Distributed software testing

About me

A word about me first: My name is Daniel Mewes, and I just came over to California to work at RethinkDB as an intern for the oncoming months. After having been an undergraduate student of computer science at Saarland University, Germany for the last two years, I am exited to work on an influential real-world project at RethinkDB now. Why RethinkDB? Not only does RethinkDB develop an exciting and novel piece of database technology, RethinkDB also provides the great “startup kind” of work experience.

Software testing

In complex software systems like database management systems, different components have to work together. These components can interact in complex ways, yielding a virtually infinite number of possible states that the overall system can reach. This has consequences for software testing. As bugs in the code might only show up in a small fraction of the possible states, comprehensive testing of the system is essential. Encapsulation of code and data into objects can reduce the number of states that must be considered for any single piece of code. However an extremely large number of states can still remain, especially when considering parallel systems. Reliability requirements for database management systems on the other hand are stringent. Losing or corrupting data due to bugs in the program cannot be tolerated here.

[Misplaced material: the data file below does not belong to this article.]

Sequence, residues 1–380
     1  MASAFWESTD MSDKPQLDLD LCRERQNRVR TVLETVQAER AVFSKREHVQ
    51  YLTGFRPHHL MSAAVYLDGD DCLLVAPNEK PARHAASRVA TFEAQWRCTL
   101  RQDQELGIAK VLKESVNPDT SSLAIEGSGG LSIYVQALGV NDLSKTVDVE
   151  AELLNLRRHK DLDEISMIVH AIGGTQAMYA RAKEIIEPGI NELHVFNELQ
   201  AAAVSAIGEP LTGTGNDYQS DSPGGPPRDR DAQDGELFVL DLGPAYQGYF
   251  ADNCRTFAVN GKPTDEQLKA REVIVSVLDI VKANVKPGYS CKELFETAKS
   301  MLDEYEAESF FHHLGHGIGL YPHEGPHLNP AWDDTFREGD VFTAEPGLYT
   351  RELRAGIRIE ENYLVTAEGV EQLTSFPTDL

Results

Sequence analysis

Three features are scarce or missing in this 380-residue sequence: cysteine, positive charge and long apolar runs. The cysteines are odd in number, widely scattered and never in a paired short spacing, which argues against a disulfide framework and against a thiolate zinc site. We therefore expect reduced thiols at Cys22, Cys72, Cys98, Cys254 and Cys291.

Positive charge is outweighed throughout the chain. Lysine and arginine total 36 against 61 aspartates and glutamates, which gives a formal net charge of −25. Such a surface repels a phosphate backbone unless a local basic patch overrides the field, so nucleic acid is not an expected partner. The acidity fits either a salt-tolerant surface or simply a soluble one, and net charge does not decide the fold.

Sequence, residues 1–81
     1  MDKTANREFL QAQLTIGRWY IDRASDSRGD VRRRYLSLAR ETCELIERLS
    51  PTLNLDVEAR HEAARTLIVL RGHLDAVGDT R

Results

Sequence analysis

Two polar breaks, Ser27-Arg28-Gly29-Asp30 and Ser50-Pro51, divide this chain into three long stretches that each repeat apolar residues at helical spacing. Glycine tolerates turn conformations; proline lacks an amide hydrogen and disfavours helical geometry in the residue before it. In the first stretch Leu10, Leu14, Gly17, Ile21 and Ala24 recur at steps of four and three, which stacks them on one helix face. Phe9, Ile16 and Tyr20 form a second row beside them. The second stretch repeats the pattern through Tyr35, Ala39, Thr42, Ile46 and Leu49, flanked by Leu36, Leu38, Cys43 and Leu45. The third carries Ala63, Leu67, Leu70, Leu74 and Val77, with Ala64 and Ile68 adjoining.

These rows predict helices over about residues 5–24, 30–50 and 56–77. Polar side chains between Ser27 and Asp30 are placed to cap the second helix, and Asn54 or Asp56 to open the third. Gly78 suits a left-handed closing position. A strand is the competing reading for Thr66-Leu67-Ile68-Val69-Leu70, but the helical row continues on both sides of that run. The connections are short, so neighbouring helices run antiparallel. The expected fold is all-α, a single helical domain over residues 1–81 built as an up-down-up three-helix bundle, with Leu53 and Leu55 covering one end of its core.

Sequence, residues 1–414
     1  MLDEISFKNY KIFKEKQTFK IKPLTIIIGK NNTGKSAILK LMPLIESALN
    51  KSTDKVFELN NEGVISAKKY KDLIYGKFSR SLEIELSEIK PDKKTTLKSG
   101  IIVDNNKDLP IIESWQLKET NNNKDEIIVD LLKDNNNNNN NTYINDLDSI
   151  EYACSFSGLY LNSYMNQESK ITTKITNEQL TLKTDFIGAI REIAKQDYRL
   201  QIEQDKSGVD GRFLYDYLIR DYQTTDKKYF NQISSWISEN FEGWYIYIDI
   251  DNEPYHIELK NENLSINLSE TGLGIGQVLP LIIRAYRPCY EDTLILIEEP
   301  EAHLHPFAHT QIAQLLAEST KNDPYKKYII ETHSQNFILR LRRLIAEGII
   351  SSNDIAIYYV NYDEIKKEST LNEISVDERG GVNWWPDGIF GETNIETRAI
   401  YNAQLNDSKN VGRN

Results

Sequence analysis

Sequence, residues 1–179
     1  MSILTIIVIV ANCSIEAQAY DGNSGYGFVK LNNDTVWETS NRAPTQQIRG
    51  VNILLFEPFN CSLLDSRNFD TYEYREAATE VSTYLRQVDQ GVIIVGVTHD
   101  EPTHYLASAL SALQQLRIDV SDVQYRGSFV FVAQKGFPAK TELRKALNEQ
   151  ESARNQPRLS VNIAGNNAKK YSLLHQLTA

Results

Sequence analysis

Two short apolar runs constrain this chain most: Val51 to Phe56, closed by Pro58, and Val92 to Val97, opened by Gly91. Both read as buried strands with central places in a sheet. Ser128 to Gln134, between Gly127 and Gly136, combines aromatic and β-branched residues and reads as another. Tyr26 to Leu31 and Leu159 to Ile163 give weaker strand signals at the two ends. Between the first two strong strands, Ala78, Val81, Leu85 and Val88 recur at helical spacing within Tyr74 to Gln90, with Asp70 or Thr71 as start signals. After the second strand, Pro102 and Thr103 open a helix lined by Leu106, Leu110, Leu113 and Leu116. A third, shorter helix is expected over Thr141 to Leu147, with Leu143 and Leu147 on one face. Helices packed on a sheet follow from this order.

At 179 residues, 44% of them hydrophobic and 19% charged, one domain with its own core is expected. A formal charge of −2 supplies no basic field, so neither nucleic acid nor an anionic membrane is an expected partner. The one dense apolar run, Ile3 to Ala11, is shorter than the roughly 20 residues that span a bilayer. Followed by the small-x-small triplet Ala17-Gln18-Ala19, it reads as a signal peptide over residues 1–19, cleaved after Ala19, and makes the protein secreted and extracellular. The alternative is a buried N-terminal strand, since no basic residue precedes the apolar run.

Among other measures, we at RethinkDB ensure the reliability of our software by running extensive tests on a daily basis. The problem with these tests is that they take a lot of time to complete. We recently reached time requirements of more than 24 hours on a decent machine for a single test run. So clearly a single machine is not enough anymore to run the tests. For our daily test runs, we want to get results quickly. Buying more machines is pricey, especially as those machines would be idle during the times at which no tests are run. It also is not very flexible.

Tapping into the cloud

Cloud computing provides a more flexible and less pricey way to circumvent the limitations of limited local hardware resources. We decided to use Amazon’s Elastic Compute Cloud (Amazon EC2). If you need the computing power of ten systems, you can get that from EC2 in a matter of minutes. If you need the power of a hundred machines, you can get that in a matter of minutes, too. Basically, Amazon’s EC2 provides you with as much computing power as you need, at just the time that you need it. EC2 allows to dynamically allocate and deallocate virtual compute nodes, which are billed on an hourly basis. Each node can be used like a normal computer. The nodes run Linux (Windows nodes are also available) and are accessible through SSH. So EC2 looked like a promising platform to make our tests finish faster.

Distributed Software Testing

EC2 console showing a few nodes